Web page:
The best way to describe the Fancy Food Show to book people might be to call it a BEA for food. But that doesn’t do the event justice. The fair, held last week at the Javits Center in New York City, has more exhibitors than Book Expo: about 2,300, compared to BEA’s 1,500. And while BEA exhibitors sometimes give out samples, nearly every exhibitor at the Fancy Food Show gives out freebies. BEA may be a feast for the brain, but the Fancy Food Show is a straight-up feast.
I entered the show floor near the Colavita booth, where cubes of bread were available for dipping into various olive oils. I walked past it, also bypassing Twinings (tea), Patsy’s (pastas with various sauces) and Kristian Regale (nonalcoholic sparkling cider). I finally jumped in at Plocky’s Fine Snacks, tasting a Louisiana Peppa Organic Corn Tortilla Dip Stick (spicy, salty, crispy), while a woman behind the table urged me to taste their new Roasted Red Pepper Hummus chips. I realized I needed a game plan, and decided I should approach my wanderings as a meal, from appetizers to main course to dessert. So next up were pretzels and mustards (a sign read “Double Dippers Will Be Prosecuted!”) and dates from Bard Valley Date Growers. I got momentarily sidelined with two breakfast-y items: Buddy Fruits, which presents “squeezable fruit to go” (because eating a whole strawberry is such a chore); and rhubarb and ginger jam at Rosebud Farm.
Continuing my appetizer run, I stopped at Rogue Creamery for lavender cheddar cheese (pretty tasty), and then Raincoast Crisps for a fig and olive cracker. And then it was time for the main course. First, a Maxtop French bread pizza (topped with cheese, olives and… ketchup: not so good). Then, more pizza, at Conte’s (a little better, but not great). Figuring appetizers were a safer bet, I tasted corn tortillas and salsa at Delicias, in the Mexico pavilion, and then took what I thought was a barbecued potato chip from Blair’s Sauces and Snacks. I should’ve looked more closely at the faux flames shooting up out of the booth and at the company’s other products, e.g., a hot sauce called Blair’s Mega Death Sauce. But I didn’t, and within moments my mouth was painfully on fire. Coincidentally (or not) the next booth over was Cool Blue New Zealand Artesian Spring Water. I took three cups.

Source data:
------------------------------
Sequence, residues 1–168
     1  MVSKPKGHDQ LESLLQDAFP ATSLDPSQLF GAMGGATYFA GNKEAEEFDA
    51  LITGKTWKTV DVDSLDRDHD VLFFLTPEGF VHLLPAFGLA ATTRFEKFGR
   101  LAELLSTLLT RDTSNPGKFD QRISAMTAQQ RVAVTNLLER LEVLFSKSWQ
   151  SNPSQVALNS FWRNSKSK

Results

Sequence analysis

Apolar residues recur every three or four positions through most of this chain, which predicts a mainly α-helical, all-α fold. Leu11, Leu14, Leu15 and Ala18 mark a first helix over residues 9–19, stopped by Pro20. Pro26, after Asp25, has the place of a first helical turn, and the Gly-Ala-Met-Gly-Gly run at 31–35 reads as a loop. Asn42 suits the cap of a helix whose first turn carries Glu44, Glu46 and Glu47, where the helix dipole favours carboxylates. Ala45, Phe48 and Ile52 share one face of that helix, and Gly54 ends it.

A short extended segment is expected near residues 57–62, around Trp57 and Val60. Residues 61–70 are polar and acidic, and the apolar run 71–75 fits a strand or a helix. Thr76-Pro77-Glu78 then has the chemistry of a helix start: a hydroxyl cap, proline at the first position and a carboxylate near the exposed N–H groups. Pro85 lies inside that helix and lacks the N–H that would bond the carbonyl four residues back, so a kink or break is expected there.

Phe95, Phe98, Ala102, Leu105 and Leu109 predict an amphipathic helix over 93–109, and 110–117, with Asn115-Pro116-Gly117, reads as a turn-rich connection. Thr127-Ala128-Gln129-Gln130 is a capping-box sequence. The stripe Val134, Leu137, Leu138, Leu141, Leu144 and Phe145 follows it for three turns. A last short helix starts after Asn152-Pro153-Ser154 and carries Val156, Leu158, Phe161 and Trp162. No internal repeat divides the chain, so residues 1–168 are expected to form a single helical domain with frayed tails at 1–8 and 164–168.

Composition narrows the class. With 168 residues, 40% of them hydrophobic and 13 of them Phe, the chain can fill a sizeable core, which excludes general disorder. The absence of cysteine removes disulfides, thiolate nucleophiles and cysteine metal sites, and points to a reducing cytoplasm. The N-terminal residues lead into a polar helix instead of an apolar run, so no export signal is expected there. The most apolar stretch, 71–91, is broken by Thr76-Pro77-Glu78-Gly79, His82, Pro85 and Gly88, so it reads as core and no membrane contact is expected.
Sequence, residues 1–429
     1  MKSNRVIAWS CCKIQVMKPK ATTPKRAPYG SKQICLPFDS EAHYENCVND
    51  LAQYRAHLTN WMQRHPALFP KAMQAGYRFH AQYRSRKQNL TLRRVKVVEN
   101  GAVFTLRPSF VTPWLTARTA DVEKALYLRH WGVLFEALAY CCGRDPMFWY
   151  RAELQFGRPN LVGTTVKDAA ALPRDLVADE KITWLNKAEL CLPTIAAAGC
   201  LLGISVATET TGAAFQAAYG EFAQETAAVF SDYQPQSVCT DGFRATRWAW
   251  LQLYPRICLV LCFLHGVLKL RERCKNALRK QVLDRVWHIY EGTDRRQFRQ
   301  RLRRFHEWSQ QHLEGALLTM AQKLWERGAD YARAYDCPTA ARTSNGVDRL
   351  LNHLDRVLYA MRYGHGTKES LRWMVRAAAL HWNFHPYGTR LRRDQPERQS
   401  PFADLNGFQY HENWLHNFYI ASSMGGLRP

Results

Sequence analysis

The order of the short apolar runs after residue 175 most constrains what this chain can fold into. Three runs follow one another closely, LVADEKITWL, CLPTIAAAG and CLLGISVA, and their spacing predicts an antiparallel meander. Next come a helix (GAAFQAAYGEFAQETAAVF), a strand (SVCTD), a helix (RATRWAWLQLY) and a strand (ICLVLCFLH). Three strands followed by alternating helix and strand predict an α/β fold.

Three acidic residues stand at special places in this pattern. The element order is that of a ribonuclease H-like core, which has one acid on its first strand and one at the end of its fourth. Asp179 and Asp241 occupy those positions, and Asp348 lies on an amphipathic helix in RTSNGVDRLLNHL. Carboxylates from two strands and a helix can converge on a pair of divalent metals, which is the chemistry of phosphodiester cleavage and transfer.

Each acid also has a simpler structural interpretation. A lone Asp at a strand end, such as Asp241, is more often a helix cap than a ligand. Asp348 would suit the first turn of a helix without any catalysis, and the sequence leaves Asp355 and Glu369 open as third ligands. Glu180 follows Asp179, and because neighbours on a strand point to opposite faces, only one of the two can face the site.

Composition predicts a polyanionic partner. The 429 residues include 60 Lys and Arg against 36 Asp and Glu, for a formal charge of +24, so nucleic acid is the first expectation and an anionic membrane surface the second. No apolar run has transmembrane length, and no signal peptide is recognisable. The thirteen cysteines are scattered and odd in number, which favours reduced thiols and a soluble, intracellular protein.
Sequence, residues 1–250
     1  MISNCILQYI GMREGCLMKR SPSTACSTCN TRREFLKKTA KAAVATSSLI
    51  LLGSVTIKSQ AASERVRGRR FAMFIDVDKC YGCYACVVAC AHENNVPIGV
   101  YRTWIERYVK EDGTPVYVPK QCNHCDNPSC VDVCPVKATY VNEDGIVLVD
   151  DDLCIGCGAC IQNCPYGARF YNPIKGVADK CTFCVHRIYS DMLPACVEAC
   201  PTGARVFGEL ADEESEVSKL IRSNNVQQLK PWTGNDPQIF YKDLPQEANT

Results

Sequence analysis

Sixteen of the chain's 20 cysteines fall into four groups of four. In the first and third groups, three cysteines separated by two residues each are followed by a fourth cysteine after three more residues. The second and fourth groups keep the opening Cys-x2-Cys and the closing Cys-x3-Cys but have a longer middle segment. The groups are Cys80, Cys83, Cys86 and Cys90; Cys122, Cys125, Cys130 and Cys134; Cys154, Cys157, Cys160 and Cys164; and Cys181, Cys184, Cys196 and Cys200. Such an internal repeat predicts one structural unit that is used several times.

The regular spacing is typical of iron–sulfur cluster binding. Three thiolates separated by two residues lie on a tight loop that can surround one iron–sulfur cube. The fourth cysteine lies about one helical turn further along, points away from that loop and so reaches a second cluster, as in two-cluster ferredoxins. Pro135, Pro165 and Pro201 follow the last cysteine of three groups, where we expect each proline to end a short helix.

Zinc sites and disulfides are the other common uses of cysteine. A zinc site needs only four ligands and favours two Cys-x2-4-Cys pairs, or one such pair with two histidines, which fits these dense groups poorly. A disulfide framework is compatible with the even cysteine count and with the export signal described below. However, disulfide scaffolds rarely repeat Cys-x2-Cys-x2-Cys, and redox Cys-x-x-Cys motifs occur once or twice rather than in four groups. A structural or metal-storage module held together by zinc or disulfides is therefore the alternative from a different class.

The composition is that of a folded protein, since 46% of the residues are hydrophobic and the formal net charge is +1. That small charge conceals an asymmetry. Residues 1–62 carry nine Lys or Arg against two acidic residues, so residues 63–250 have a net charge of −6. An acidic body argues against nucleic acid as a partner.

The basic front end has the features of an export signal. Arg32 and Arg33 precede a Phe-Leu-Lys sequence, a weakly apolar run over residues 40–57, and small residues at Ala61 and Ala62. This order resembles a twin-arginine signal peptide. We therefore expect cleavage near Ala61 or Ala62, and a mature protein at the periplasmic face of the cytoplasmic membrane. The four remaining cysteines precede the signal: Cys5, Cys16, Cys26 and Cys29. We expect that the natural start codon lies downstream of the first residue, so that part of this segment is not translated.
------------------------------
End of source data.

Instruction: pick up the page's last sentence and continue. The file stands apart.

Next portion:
I was ready for dessert. A chocolate from Niederegger (Russell Stover-like), organic ginger and pomegranate hard candies from Hillside Candy (not bad), dark chocolate covered fig candy from Figamajigs (Raisinette-esque) and a Donsuemor madeleine (“the one you remember,” the company boasted—I’ll definitely remember them). I also picked up a Maple Bacon lollipop from Das Lolli, which I am saving for a rainy day.
Elsewhere on the show floor, hand sanitizer stations alternate with Poland Spring water coolers. Words like “artisanal,” “premium,” “organic” and “origin” seemed to be everywhere, and I noticed a lot of salty sweets and bacon. Cookbooks don’t get much representation (although Chronicle had a booth), which meant all the more room for aloe water, vegan baking mixes, kosher pastries and pickled vegetables.